This blog post is a two parter – mainly to break up the sheer volume of information. The second part will be released in the upcoming weeks.
Saddle problems are widely reported in cyclists. A study identified between 50-90% of cyclists were experiencing genitourinary issues (numbness, soreness, problems urinating), therefore identifying the right saddle is a priority.
The difficulty with trying to find the perfect saddle is compounded by the sheer variety on the market, and articles praising certain brands and shapes. However what works for one most certainly does not work for the masses.
How do you know what is best for you?
If you haven’t already, it’s probably worth having a read of “Saddle Sores” before continuing with this article.
When choosing a saddle, it’s best that you take a pragmatic approach to ensue you have covered all bases.
First of all check that there is not a fundamental issue with your bike fit;
Although bike manufacturers are improving, it’s all too common to find the default cranks are too long. There might only be a difference from 172.5 to 170 (2mm!) despite there being 3 size differences between the frames. A crank that is “too long” might increase friction and shear forces, or mean you set your saddle height too high.
The saddle height
A saddle that is too high will increase pressure on the saddle, and also potentially increase friction as your legs look to “over extend” to reach the pedal. Don’t be afraid to set your saddle lower than what some fit systems may recommend – these are guidelines only and do not account for each individuals unique circumstances.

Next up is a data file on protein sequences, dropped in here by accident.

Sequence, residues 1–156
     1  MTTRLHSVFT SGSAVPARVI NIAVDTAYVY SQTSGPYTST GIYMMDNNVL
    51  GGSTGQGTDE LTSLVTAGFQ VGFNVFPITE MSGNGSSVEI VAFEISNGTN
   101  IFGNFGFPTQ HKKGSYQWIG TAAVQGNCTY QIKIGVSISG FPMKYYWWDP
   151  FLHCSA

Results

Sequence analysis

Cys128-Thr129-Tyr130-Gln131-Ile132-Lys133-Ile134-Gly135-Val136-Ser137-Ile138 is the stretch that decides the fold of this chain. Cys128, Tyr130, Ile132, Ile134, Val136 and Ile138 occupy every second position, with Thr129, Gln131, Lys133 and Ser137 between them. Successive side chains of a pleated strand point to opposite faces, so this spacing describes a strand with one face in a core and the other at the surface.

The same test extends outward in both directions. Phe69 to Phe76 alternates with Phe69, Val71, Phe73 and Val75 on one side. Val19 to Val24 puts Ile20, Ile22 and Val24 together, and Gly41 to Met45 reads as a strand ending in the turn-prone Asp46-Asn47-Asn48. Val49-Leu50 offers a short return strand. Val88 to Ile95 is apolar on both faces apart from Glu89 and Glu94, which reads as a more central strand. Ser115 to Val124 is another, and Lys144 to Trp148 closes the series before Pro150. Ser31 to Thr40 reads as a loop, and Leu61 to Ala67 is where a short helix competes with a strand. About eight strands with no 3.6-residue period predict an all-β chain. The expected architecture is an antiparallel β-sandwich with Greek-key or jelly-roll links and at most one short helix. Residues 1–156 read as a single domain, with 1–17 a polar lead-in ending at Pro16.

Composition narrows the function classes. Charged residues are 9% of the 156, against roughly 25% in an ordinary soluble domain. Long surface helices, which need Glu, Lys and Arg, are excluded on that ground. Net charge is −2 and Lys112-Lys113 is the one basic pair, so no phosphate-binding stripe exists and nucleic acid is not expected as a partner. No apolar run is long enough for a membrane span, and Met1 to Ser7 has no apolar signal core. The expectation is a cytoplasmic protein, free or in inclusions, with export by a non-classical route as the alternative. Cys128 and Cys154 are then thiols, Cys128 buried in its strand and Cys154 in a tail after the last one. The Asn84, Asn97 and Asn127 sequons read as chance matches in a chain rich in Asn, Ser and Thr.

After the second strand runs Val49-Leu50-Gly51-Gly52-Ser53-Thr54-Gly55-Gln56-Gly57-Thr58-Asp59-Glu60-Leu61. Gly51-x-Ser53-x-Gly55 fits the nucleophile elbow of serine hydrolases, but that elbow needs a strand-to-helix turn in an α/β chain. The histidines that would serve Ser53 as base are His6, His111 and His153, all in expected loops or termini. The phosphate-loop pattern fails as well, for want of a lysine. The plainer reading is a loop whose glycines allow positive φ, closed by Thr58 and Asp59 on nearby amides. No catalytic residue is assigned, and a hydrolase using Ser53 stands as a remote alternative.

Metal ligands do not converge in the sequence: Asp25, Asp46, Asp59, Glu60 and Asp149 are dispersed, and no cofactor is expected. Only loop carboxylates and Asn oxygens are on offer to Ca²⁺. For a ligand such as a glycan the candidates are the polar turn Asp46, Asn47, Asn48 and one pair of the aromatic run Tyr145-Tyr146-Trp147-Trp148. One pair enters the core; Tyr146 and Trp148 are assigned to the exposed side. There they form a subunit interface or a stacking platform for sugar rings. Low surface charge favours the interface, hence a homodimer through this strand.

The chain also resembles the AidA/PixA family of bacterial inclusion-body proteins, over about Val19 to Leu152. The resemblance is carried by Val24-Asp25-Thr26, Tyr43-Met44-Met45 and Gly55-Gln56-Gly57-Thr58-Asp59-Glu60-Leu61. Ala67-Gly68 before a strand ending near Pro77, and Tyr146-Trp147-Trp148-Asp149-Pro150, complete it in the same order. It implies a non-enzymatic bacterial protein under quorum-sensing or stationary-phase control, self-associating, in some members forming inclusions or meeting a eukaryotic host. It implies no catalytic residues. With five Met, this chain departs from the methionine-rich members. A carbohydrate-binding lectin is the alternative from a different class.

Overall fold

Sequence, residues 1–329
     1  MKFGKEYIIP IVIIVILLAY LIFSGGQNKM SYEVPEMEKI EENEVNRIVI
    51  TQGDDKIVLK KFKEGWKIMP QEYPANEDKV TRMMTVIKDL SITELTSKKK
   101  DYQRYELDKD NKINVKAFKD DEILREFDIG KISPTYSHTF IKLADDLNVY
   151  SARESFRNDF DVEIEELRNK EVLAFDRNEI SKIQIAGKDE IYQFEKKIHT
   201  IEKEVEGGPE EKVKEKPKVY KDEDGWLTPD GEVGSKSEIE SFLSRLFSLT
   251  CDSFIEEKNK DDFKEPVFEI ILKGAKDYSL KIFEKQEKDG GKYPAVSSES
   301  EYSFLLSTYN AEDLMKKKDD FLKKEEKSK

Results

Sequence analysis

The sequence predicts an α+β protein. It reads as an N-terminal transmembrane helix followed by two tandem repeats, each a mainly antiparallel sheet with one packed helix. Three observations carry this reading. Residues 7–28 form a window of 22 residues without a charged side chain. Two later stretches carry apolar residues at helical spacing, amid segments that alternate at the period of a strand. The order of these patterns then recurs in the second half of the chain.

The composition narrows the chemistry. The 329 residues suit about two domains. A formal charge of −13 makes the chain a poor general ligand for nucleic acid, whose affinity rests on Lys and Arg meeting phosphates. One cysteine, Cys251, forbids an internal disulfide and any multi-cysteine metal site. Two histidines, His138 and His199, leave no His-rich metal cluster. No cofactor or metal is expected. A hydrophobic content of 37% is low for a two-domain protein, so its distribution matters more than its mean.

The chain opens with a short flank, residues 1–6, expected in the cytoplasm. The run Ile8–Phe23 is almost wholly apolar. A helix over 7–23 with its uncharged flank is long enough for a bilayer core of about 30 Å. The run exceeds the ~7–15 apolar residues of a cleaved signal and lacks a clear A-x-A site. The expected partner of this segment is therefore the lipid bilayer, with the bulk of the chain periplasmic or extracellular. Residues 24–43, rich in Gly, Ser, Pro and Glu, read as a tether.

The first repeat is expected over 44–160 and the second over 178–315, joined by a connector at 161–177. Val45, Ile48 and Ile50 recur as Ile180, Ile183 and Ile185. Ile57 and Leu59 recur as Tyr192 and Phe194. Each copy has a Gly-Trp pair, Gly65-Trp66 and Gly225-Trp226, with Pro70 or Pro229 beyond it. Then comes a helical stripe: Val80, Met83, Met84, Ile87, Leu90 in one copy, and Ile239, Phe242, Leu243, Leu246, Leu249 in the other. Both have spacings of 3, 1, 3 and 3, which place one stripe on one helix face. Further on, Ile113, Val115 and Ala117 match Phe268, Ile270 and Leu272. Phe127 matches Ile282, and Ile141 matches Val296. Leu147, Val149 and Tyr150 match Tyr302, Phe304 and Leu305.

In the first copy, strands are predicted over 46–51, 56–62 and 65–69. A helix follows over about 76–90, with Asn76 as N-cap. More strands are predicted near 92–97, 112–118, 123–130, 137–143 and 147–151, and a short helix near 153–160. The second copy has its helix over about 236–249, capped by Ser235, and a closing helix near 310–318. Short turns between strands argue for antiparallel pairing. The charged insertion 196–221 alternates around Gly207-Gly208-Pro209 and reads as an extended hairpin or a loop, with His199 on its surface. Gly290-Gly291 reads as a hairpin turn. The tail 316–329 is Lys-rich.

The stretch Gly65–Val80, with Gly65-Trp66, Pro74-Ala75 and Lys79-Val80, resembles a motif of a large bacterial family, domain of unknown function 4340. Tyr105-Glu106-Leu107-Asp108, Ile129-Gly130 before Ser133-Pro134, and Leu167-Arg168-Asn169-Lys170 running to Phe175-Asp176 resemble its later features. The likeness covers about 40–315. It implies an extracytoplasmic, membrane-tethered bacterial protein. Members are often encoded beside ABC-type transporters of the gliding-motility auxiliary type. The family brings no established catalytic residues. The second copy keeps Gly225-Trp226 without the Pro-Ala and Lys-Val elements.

It’s far too common to find that fundamentally there isn’t an issue with the saddle per se, but the reach is too long. This may result in increased pressure on the nose of the saddle, or more “rocking” on the saddle.
As with the reach, an excessive drop will result in increased pressure on the nose of the saddle, and potentially cause you to “lock” your arms and roll the pelvis backwards. Not only will this affect comfort, but ability to pedal too. The common culprit here is a cyclist who has undergone aero testing and lowered the front – finding significant gains in CdA at the cost of their ability to actually ride the bike without comfort.
Leg Length Discrepancy
A large discrepancy (usually < 1cm) may cause you to sit asymmetrically on the saddle, which may place undue pressure on soft tissue. Some unilateral (one sided) saddle problems can be because of this, but a poor saddle choice might also lead to someone sitting off to one side.
If you’re confident there are not any major bike fit issues at hand, then you should then next look to your saddle choice.
Part 2 on saddles coming soon…